Get Reviews of 'Jack the Giant Slayer,' 'Stoker,' 'Charlie Zone' and More in This Week's Film Roundup

Get Reviews of 'Jack the Giant Slayer,' 'Stoker,' 'Charlie Zone' and More in This Week's Film Roundup
March is pretty much a transition month. CMW and SXSW are still a few weeks away, and we're all ready for summer (or at least spring), but mother nature's still not really sure what she's doing yet. One thing you can depend on is our reviews of the newest films to hit cinemas this week. Below are some of our film highlights. When you're done checking those out, make sure you head over to our Recently Reviewed section to look at the full listings.

To start things off, we've got Bryan Singer's Jack the Giant Slayer (pictured). The film tells the story of Jack (Nicholas Hoult), who must save Princess Isabelle (Eleanor Tomlinson) from giants at the top of the beanstalk. But is this one a must-see or a total skip? Read our review and find out.

Stoker, our highest rated film in this week's roundup by a long shot, is Chan-wook Park's English-language debut. It tells the increasingly layered coming-of-age story of India Stoker (Mia Wasikowska) after the death of her father, and the subsequent sexual competition with her mother over her dad's younger brother Charlie (Matthew Goode). Stoker delivers pornographic cinematography, a mysterious, possibly supernatural element, and Freudian elements, making for an intriguing piece of cinema.

Next up is Charlie Zone, a Michael Melski crime thriller that plays with shades of grey in a world of crime rather than relying on a simplistic breakdown of black and white, right and wrong decisions and situations. Avery (Glen Gould), a former pro boxer turned underground fighter, is recruited to rescue a runaway junkie, and along the way, shows us a softer side of the criminal element, even in extremely violent situations.

Dror Moreh's documentary, The Gatekeepers, centres on the Israeli secretive security service, Shin Bet, and spotlights six former heads of the agency. The films sheds light on bombings and terrorists targets, and gives an account of Israel after the Six-Day War, commenting on where it's headed based on its current position.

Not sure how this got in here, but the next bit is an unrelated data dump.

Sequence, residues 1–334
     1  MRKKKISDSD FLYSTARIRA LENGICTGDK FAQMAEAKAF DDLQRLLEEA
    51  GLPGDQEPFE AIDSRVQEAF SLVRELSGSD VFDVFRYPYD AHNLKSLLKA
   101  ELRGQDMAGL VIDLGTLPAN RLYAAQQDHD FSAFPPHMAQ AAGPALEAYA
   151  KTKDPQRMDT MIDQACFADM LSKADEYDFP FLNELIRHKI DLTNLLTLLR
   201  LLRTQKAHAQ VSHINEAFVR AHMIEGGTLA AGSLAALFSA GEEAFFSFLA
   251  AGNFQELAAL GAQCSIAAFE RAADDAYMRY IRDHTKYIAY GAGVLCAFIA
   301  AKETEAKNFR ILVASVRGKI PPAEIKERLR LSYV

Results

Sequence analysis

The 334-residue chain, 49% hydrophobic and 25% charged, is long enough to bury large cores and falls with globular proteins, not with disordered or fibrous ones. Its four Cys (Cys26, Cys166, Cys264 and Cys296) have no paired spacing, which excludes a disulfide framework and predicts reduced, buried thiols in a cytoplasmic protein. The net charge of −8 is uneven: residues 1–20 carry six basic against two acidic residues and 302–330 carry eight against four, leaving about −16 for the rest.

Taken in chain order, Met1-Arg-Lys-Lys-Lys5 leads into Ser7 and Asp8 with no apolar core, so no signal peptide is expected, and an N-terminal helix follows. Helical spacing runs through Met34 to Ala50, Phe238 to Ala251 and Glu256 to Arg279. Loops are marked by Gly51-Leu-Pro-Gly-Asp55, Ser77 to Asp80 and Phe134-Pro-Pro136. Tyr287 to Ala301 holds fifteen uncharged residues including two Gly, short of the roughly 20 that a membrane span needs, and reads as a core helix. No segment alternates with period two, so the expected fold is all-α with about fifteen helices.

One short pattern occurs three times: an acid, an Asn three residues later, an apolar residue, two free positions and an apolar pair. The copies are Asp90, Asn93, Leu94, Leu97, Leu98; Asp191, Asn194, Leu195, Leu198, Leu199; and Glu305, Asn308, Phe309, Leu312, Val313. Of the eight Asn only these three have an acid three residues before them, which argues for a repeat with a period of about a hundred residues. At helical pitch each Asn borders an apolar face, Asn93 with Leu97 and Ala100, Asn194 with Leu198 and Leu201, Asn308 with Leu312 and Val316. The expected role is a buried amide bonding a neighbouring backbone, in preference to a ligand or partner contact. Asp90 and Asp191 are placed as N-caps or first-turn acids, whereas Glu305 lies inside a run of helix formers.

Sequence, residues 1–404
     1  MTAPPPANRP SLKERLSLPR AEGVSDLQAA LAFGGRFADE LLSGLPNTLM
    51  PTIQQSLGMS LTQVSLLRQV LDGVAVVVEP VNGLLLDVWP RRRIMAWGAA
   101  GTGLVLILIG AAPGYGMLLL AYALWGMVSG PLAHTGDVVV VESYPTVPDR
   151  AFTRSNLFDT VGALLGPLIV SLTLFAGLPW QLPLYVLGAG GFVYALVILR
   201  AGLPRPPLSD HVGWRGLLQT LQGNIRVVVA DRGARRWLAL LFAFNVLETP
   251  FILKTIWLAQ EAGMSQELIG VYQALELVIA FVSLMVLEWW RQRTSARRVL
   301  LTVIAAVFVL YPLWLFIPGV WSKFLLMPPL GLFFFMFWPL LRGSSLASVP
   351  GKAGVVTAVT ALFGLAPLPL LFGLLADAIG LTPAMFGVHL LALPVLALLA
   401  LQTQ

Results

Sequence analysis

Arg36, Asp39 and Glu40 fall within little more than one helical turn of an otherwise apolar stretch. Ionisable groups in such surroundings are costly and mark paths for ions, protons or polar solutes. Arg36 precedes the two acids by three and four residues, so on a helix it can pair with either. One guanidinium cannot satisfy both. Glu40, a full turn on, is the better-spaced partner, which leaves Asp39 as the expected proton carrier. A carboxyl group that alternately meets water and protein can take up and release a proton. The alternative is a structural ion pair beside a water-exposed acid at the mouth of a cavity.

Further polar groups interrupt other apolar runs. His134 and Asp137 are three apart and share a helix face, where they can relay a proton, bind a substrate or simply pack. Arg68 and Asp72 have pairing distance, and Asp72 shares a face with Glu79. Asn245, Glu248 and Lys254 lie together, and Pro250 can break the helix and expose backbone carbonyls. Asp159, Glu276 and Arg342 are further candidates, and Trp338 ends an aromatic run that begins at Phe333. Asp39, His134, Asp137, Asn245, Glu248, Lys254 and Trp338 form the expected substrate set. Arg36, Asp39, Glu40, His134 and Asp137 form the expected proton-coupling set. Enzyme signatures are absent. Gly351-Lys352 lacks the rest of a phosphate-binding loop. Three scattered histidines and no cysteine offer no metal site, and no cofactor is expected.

California Solo by Marshall Lewy explores the world of ex-Britpop guitarist, semi-alcoholic and loner Lachlan MacAldonich (Robert Carlyle) who has taken up residence in Cali working on a farm and at the local farmers market. After a DUI and past drug conviction threaten his status in the U.S., our reviewer writes that "he dives into a downward spiral of introspection and self-loathing, tenuously reaching back into the past he left behind to avoid being shipped back to the UK." But is it a compelling film? Read our review to find out.

Lastly, Jon Lucas and Scott Moore deliver another Hangover-esque film about a missing friend after a night of partying in their new release 21 and Over. Here, we get the standard roles of college dropout Miller (Miles Teller), the uptight "grown-up" figure Casey (Skylar Austin), and passed-out pre-med student Jeff (Justin Chong), who has a med school interview in the morning. The two must find Jeff's house so he can make it to his interview the next day and, expectedly, hi-jinx ensue.

To read the full reviews of these picks and more, check out the Recently Reviewed section at